I will be writing a series of blog posts about sports and Somatics, but for today I'd like to focus on concussions, and the muscles that contract secondarily due to the kind of impact that would cause a concussion.
Superbowl 2012 was a nail-biter...
...and I loved every minute of it. I love watching movement... and football players really know how to move. I have profound respect for the extensive training that goes into being able to sprint, jump, dodge, fly, fall, and manage to stand back up and do it all over again on a dime.
Football season is over, yet many of these players will now start the job of rehabilitation to get them back to top form for next season.
Football is a terrific spectator sport, but brutally hard on the athletes. It is a sport whose players could benefit from Hanna Somatic Education. Why? Because football involves serious repetitive injuries, with concussions causing a great deal of concern.
Sensory Motor Amnesia and professional sports go hand in hand.
The most common injuries in American football are to the knee, ankle, leg, pelvis, and shoulder, and head: snapped ACLs and MCLs, dislocated shoulders, ankle sprains, hamstring strains, and concussions. All of these injuries can lead to some form of compensation while the injury heals; compensation triggers the brain to put certain muscles on "cruise control" (Sensory Motor Amnesia). A bad case of Sensory Motor Amnesia could ruin a player's career - and to a lesser extent make full recovery very costly and time-consuming.
A concussion is a traumatic brain injury that can change the way your brain works. Concussions warrant immediate and expert medical attention. However, those suffering concussions also have secondary muscular pain that is often associated with what doctors call "post concussion syndrome." It is believed that PCS can develop due to an actual neck injury associated with the accident that caused the concussion.
Here's the rub: It's never just one muscle causing the problem.
The "neck injury" that is most written about in regards to PCS is one of myofascial neck pain. The tight neck muscles pull the vertebrae out of alignment. Seeking chiropractic care can be helpful, but reeducating the muscles that coordinate together with the neck (and that contracted in response to the injury) will yield rapid, long lasting results. It will also be vastly less expensive than treatments that seek to "fix" the muscles symptomatically.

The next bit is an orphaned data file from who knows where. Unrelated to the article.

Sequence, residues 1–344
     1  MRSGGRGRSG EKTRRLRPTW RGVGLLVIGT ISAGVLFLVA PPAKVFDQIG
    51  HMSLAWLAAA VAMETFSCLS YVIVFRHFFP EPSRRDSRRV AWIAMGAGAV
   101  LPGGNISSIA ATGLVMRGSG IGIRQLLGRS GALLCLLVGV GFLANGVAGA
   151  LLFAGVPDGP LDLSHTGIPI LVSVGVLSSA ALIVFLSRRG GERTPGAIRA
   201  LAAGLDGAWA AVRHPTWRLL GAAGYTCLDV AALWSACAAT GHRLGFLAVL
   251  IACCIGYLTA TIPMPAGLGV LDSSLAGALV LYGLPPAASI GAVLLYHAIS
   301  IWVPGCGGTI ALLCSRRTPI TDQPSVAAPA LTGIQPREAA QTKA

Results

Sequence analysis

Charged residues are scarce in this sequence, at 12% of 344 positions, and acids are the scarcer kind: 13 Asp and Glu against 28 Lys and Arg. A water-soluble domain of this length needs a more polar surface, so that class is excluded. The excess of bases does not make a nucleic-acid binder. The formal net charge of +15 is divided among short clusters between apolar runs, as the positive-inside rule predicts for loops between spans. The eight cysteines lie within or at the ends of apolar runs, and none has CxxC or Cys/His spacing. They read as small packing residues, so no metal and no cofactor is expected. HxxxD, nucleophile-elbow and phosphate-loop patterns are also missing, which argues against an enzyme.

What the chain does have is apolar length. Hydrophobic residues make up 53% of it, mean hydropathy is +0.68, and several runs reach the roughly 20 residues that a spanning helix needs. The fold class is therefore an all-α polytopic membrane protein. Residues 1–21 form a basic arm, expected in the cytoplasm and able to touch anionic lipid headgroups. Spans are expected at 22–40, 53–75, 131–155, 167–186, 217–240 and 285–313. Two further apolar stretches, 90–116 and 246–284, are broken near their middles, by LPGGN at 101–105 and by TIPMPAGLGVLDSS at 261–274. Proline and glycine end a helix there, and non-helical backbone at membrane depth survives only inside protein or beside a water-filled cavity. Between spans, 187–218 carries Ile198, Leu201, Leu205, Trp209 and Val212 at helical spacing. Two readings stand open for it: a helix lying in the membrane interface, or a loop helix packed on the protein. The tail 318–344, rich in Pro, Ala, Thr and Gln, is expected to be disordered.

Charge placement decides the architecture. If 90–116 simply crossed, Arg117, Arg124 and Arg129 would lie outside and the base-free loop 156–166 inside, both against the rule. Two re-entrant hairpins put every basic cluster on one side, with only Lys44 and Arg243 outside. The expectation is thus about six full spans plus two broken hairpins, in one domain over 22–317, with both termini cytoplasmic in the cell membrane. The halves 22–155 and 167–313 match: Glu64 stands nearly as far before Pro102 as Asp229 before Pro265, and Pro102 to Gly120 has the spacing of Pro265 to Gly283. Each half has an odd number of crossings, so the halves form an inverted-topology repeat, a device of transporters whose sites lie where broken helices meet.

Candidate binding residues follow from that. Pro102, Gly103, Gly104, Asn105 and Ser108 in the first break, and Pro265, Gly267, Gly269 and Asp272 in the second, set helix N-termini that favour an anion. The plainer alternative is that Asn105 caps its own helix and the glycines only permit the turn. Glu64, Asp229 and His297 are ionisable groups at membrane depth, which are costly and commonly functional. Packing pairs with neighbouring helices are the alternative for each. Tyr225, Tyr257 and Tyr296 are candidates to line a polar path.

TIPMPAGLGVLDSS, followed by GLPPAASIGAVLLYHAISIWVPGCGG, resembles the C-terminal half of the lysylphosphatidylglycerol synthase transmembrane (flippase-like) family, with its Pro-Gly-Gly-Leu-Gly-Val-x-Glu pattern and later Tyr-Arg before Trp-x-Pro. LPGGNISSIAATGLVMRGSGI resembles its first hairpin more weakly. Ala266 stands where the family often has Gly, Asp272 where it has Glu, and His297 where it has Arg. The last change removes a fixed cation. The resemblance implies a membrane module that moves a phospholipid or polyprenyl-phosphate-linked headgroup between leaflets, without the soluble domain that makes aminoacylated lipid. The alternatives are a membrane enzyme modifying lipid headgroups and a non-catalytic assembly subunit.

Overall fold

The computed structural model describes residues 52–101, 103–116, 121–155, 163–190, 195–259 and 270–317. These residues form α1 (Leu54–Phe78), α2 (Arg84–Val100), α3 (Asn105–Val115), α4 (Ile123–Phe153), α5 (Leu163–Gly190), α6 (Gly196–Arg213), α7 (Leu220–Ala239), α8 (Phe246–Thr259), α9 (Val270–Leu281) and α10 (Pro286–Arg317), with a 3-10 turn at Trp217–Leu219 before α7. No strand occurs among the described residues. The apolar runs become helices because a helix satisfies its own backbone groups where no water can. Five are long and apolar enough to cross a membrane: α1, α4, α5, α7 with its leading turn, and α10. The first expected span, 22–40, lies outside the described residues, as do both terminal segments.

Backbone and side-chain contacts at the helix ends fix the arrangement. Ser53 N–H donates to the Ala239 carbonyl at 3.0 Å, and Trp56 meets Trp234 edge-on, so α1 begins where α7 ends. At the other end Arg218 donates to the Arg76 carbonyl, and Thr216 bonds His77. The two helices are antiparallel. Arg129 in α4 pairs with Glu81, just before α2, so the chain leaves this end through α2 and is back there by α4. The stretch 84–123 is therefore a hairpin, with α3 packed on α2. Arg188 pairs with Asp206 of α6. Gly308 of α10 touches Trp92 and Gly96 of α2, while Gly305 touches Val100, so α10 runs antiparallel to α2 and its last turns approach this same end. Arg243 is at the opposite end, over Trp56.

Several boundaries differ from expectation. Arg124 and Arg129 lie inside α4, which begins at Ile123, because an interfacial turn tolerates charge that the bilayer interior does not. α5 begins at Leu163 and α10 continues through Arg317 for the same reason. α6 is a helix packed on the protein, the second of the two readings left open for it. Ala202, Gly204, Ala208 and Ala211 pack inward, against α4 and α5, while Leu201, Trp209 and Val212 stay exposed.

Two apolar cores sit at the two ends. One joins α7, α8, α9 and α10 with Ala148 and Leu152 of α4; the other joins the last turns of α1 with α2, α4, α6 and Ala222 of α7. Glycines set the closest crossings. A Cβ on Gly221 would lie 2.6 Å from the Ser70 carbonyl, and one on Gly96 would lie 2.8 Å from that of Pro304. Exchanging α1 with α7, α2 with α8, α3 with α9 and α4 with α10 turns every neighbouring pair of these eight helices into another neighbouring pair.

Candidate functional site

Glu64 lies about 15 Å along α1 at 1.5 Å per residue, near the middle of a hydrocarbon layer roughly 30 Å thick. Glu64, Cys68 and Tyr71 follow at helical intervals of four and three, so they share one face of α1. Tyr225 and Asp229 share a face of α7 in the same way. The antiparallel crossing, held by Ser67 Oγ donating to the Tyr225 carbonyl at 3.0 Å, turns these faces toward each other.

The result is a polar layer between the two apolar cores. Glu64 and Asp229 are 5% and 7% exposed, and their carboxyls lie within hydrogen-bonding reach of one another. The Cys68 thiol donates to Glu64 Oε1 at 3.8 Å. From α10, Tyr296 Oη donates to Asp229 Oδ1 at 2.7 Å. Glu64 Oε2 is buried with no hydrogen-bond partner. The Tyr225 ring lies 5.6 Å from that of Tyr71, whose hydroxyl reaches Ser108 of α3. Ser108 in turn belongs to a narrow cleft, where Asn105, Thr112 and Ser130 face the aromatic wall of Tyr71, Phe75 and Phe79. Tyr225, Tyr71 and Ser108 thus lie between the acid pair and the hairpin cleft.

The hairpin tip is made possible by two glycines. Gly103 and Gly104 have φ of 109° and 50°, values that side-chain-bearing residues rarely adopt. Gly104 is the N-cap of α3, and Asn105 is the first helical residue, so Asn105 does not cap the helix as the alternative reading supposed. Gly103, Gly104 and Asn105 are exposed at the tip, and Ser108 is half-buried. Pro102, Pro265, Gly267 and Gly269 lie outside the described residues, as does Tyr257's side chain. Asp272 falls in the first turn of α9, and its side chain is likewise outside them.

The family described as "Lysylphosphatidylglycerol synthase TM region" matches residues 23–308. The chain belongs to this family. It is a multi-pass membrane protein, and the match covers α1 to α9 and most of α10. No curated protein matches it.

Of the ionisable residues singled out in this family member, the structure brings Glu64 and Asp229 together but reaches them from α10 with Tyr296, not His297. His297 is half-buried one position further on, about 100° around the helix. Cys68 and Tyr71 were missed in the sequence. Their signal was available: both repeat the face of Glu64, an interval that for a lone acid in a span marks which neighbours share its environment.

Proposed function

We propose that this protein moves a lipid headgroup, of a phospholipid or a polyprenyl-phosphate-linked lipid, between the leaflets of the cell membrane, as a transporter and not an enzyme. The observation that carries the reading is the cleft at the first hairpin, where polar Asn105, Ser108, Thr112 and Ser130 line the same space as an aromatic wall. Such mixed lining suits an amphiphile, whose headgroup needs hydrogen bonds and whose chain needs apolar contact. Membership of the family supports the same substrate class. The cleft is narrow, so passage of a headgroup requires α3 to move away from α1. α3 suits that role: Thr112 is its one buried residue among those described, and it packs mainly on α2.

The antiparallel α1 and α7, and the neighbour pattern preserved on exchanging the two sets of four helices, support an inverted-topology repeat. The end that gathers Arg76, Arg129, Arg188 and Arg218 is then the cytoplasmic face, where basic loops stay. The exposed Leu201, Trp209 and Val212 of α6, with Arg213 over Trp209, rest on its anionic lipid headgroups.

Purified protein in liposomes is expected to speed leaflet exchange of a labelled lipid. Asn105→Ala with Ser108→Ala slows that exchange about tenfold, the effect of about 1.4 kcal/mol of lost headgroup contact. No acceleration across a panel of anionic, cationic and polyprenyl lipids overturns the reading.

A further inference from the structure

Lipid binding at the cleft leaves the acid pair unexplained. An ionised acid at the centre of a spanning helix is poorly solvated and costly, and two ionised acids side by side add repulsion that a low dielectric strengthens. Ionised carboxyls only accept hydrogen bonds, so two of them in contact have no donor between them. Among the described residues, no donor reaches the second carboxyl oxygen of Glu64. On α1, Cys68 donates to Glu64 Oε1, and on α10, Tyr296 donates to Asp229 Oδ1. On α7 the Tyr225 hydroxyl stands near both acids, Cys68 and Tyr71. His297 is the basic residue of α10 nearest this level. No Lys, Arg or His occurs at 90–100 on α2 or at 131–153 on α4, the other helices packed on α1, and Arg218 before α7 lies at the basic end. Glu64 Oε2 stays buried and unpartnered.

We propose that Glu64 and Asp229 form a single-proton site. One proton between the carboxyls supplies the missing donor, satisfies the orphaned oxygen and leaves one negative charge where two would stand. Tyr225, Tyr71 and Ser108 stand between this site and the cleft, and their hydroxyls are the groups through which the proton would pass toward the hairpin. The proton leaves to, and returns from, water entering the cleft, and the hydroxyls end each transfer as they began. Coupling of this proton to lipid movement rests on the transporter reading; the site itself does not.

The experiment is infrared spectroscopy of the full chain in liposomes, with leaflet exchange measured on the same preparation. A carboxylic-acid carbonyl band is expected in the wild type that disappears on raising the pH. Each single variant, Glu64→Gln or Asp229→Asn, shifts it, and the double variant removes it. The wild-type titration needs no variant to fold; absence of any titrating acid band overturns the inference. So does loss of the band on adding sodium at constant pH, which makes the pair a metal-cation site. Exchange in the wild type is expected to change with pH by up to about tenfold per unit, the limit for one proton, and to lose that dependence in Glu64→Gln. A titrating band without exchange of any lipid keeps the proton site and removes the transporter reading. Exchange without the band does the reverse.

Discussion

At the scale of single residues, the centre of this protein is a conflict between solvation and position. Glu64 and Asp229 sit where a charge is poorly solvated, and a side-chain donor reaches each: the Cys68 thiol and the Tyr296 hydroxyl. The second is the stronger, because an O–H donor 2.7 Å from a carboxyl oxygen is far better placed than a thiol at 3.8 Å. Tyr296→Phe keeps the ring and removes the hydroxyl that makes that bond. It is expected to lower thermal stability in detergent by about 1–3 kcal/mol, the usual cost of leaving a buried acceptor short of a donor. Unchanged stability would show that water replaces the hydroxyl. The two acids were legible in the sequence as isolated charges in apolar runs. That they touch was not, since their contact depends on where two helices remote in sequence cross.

- the head snaps forward and back suddenly
- one side of the body retracts (if there is a side impact)
- the muscles of the neck and shoulders contract strongly
- the muscles of the front of the body contract
- the muscles of the back, which go from the sacrum up to the base of the skull, contract strongly
How do you really release and relax muscles that have been violently contracted during the accident or "hit" that results in a concussion?
Pandiculation gently releases the muscles of the neck, shoulders and back and restores proper muscle function.
Pandiculation - tightening, lengthening and relaxing of muscles - is the safest and gentlest way to restore proper brain to muscle function. "Hands-on" pandiculations, which are done one-on-one during clinical Somatics sessions, allow the practitioner to guide the client through many different combinations of movement (within their comfort range) that involve the tight muscles. You will reeducate the muscles to stop contracting so that the pain ceases.
In this post I present a few gentle seated pandiculations for neck pain relief. The Pain-Free Neck and Shoulders DVD has even more easy, gentle Somatic Exercises to relieve neck and shoulder pain at home.
Concussions can happen in any sport: skiing, horseback riding, ice hockey, soccer, boxing, lacrosse, volleyball, cyclocross, cycling, and basketball. A concussion is a medical problem that requires medical attention. The secondary muscular pain that accompanies a concussion is most efficiently reversed with Somatic Education.